Your current AMD Ryzen motherboard may deliver PCIe 4.0 support for 3rd Gen CPUs

PCIe 4.0 support may be backwards compatible with all Ryzen AM4 motherboards

AMD AM4 motherboard socket

AMD is introducing PCIe 4.0 support with its 3rd Gen Ryzen CPUs – its brand new 7nm Zen 2 processors announced over at CES 2019. But there’s an upside for those of you still rocking 1st Gen Ryzen chipsets, too. Even if you’re upgrading to the latest AM4 compatible chip from your 1st Gen Ryzen processor, according to insider reports, PCIe 4.0 bandwidth may still be available to you.

Thanks to AMD’s pledge to stick with the AM4 platform until 2020, you will be able to slot a 3rd Gen Ryzen processor into a motherboard intended for 1000-series and 2000-series chips with only a prerequisite BIOS update necessary. However, that doesn’t always guarantee you full access to the latest features, these are occasionally platform limited.

We expect AMD to launch the X570 chipset to accompany its latest Ryzen chips, complete with full PCIe 4.0 platform support. However, according to motherboard vendors, within testing they found that PCIe 4.0 ran without issue on 300- and 400-series motherboards. At least for the primary x16 slot, anyways.

According to its industry sources Tom’s Hardware is suggesting, the functionality needs to be plugged into the BIOS beforehand. But once the firmware’s ready to go, the top x16 slot – the one closest to the CPU – will be capable of PCIe 4.0 bandwidth. The remaining slots will however remain at 3.0 speed.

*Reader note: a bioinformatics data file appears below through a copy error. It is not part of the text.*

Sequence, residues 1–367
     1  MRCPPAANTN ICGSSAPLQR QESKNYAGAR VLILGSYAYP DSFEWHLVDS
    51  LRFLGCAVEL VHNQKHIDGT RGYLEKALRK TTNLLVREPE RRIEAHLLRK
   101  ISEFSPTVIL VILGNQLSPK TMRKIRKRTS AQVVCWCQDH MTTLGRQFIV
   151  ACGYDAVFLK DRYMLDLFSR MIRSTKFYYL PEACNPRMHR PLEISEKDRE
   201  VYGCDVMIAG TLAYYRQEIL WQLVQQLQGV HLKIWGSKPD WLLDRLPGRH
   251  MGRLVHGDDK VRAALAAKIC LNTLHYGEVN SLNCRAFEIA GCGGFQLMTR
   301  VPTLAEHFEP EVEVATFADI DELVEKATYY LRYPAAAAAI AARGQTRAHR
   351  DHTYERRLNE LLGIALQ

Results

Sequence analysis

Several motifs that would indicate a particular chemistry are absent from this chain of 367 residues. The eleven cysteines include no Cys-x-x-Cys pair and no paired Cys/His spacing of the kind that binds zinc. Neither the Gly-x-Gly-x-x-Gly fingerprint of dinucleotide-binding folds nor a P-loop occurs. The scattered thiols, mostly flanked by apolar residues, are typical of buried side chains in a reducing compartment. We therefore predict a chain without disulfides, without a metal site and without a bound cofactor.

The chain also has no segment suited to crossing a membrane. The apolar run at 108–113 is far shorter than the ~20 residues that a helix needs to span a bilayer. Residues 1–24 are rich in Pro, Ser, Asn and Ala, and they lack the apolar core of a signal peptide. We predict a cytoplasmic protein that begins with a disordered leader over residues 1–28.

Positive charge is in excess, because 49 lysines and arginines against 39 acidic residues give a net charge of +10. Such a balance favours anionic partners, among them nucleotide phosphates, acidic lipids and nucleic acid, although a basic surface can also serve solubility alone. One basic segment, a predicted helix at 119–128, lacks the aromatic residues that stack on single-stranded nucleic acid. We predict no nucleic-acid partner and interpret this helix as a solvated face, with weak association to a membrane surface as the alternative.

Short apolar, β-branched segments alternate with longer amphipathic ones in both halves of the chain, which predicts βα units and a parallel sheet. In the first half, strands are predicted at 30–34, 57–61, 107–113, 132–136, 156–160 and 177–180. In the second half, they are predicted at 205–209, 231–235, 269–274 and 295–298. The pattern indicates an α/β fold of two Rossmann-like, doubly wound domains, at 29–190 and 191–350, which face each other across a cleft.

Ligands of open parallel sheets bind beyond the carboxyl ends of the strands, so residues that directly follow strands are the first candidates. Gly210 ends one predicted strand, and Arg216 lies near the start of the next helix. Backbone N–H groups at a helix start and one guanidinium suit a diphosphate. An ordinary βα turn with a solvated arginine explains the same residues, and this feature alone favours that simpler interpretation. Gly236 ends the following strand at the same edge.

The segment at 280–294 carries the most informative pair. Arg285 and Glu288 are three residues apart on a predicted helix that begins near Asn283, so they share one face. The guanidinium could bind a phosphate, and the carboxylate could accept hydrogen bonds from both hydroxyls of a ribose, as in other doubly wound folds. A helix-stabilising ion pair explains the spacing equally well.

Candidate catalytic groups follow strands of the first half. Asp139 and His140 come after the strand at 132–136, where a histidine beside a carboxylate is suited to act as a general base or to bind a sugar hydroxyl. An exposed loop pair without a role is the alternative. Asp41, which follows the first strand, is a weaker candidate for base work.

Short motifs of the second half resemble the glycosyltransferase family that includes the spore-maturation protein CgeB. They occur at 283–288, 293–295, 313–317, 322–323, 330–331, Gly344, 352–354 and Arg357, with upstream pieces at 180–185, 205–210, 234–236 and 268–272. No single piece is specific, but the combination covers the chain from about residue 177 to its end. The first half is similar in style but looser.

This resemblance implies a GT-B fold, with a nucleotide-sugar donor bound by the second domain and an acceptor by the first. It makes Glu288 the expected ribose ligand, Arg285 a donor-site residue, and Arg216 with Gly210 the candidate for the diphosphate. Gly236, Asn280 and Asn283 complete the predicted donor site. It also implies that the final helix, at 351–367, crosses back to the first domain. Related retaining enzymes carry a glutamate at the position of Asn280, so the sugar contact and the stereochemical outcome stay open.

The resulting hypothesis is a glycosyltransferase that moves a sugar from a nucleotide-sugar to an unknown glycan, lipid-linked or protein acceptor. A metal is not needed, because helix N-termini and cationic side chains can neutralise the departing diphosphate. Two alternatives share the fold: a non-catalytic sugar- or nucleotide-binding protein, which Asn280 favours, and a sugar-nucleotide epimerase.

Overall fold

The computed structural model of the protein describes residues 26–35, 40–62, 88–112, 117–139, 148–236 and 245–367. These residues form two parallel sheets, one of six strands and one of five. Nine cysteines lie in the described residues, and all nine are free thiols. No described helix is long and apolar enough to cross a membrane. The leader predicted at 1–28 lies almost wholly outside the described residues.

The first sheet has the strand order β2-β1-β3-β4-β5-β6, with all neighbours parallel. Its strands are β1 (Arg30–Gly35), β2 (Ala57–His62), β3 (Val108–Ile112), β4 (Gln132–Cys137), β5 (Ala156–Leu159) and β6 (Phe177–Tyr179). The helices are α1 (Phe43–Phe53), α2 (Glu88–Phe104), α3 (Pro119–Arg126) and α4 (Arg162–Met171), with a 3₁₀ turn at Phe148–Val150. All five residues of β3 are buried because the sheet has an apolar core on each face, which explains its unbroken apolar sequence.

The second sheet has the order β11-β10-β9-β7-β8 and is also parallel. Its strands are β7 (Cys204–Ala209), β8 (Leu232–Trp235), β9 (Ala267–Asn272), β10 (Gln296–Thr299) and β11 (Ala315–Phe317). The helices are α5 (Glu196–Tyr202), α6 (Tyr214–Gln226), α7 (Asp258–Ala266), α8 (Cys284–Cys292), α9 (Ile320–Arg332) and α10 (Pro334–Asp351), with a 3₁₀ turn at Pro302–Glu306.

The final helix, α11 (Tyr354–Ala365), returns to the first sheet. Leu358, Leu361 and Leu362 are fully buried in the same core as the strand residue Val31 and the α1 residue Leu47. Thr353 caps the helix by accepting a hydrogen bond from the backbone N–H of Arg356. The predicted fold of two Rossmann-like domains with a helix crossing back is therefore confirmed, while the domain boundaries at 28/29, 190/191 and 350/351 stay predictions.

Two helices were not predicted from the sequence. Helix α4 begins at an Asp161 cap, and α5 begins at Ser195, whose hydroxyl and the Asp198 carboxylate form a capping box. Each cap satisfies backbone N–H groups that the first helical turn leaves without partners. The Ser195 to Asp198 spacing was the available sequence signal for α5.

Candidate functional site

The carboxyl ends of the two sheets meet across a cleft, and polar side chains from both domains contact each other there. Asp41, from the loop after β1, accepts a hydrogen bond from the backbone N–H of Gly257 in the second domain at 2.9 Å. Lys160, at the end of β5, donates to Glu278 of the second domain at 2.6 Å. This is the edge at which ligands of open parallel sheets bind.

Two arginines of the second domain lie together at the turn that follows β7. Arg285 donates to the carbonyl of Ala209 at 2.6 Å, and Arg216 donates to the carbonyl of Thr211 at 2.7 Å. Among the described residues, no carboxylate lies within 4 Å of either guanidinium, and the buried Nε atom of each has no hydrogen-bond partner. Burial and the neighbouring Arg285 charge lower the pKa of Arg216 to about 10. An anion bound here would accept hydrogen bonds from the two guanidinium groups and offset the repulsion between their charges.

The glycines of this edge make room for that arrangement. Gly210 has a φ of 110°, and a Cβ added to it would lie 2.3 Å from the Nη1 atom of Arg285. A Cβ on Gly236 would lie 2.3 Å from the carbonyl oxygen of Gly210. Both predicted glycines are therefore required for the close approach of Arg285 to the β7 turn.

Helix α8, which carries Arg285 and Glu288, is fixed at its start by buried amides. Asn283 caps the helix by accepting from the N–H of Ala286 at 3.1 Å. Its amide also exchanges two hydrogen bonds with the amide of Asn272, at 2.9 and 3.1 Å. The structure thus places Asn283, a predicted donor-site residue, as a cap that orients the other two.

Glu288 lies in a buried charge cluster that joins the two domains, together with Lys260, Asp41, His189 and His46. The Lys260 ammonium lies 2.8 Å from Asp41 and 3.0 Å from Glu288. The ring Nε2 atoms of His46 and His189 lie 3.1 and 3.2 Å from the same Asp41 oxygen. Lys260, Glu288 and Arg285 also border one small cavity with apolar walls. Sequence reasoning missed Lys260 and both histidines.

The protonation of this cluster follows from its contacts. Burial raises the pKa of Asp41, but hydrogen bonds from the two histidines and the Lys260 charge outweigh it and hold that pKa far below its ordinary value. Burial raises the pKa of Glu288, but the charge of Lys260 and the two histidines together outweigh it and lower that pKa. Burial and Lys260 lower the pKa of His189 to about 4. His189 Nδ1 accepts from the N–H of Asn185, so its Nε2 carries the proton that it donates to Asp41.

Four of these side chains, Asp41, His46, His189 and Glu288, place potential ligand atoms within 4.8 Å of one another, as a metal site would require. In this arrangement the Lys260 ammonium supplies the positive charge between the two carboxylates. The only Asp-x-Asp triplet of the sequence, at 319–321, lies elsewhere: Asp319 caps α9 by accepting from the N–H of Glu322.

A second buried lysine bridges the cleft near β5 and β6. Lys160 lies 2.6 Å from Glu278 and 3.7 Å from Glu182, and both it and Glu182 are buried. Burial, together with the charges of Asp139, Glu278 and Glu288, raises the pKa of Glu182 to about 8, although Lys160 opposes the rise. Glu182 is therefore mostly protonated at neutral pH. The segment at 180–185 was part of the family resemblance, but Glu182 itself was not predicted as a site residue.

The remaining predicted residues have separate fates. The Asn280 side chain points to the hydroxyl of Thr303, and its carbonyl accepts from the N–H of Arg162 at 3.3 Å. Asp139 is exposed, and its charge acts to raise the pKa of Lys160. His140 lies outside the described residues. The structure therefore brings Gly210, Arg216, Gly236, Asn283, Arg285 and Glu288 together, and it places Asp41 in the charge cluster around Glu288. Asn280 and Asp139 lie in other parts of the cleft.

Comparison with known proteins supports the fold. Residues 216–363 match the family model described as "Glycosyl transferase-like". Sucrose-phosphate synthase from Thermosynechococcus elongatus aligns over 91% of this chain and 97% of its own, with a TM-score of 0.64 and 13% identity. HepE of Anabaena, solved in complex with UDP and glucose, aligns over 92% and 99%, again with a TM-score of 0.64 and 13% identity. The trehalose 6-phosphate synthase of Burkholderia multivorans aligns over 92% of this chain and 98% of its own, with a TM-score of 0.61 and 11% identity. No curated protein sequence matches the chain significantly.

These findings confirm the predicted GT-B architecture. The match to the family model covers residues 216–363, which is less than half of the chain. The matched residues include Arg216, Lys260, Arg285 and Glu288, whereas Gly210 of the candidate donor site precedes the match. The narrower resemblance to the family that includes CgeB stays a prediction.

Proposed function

Read more: Here’s what we know about 3rd Gen Ryzen

Supposedly this has to do with the distance of the physical connection within the motherboard. PCIe 3.0 has a higher maximum trace length, meanwhile PCIe 4.0, while doubling bandwidth of its predecessor to 16GT/s, cannot travel as far before requiring a retimer. This is a physical component that repeats the PCIe signal.

AMD 3rd Generation Ryzen CPU

AMD also told Tom’s that it wouldn’t be locking the feature out of the hardware, which ostensibly confirms vendor reports. That also means it’s only up to the motherboard manufacturers to sort out compatibility and validation of PCIe 4.0 on older boards.

We had expected AMD’s Radeon VII, its first 7nm gaming GPU, to support PCIe 4.0, however, that may not be the case. AnandTech reports that the functionality was stripped as a way of differentiating this gaming card from the machine learning MI50 and MI60 cards. If so, the first cards to utilise the PCIe 4.0 standard might be sporting one of the AMD Navi GPUs, expected sometime in 2019.